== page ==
Nekropolis Nekropolis by Maureen F. McHugh
reviewed by Lisa DuMond
The author tackles the touchy subject of life in a fundamentalist theocracy. Gender bias, genetic bias, and ancient traditions combine for a society that leaves little room for personal preference, and no chance of forgiveness. Hariba, at the young age of 26, has seen her life and future shattered by her brother's illegal actions. Her lesser-of-two-evils choice is to submit docilely to a form of slavery that will comprise the rest of her life.

The Storm of Heaven The Storm of Heaven by Thomas Harlan
reviewed by William Thompson
Some thought lost by the end of Shadow of Ararat or Gate of Fire miraculously reemerge, whereas others will find in this volume that "God has fixed the length of [their] life."  Maxian reaches a shocking conclusion (if somewhat glibly recognized), Alexander is loose with an army in Magna Gothica, former enemies put aside their differences, and Thyatis has survived, though without any memory of past events.  Former comrades now find themselves locked in deadly combat and, as before, little appears entirely as it seems.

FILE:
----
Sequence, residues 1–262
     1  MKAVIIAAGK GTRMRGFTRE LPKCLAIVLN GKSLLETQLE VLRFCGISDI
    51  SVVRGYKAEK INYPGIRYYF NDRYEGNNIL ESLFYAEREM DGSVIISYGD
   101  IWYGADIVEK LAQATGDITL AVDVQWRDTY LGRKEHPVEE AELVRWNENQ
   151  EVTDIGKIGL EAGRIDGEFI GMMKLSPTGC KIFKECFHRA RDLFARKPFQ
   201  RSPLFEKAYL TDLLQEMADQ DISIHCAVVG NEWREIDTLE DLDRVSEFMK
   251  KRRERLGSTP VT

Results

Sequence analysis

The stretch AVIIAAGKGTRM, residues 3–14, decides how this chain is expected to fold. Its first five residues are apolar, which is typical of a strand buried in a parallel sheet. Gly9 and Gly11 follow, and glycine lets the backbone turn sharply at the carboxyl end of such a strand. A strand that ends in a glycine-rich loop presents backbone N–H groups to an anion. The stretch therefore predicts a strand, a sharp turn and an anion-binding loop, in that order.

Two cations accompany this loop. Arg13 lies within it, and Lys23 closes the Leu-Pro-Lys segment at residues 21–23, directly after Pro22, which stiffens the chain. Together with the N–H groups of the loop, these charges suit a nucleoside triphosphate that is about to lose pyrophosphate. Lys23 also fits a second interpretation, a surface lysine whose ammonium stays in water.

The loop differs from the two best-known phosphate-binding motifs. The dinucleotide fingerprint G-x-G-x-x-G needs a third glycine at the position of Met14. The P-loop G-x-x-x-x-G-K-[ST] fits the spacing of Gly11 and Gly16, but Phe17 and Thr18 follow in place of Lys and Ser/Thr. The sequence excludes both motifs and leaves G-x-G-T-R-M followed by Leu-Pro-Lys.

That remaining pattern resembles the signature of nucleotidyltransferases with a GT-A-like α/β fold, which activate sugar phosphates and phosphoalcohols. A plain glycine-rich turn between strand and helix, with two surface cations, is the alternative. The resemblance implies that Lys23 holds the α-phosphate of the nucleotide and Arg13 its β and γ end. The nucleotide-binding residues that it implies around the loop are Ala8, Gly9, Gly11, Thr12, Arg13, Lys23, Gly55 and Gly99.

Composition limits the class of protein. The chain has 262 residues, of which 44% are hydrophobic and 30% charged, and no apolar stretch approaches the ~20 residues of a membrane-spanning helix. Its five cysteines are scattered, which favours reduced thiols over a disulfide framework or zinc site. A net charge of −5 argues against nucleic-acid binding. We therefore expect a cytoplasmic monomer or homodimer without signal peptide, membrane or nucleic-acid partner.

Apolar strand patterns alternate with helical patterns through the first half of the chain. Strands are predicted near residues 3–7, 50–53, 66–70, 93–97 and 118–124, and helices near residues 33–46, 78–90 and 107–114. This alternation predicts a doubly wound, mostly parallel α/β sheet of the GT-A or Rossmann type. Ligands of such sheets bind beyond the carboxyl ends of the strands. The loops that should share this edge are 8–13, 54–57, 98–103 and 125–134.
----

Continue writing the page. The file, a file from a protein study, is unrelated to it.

Dislocated Fictions Dislocated Fictions
a column by Gabriel Chouinard
Gabriel Chouinard's column is dedicated to exposing the risk-takers working in SF and fantasy. He calls them the Next Wave, in a nod to the obvious influences that the New Wave writers had upon them. To quote Gabe:
"Life is about fantasy. Fantasy is about life. It is a come hither, go yon relationship at best. At worst, it is a recipe for confusion and circular logic, a futile grasping for what is real and what is not; what is possible and what is not ... It is memory and extrapolation all balled into one babbling voice inside our heads, clambering for attention. It is what makes us all a bit schizophrenic."

Meet Me in the Moon Room Meet Me in the Moon Room by Ray Vukcevich
reviewed by Georges T. Dodds
For all their strangeness, the 33 stoires of this collection are witty, funny, and ultimately about ordinary people, their relationships, their idiosyncrasies (and there are some pretty weird ones of those) -- basically they are explorations of the human condition in a place that just happens to not be the real world. Any story synopsis would hardly capture what makes them tick like Salvador Dali's watch.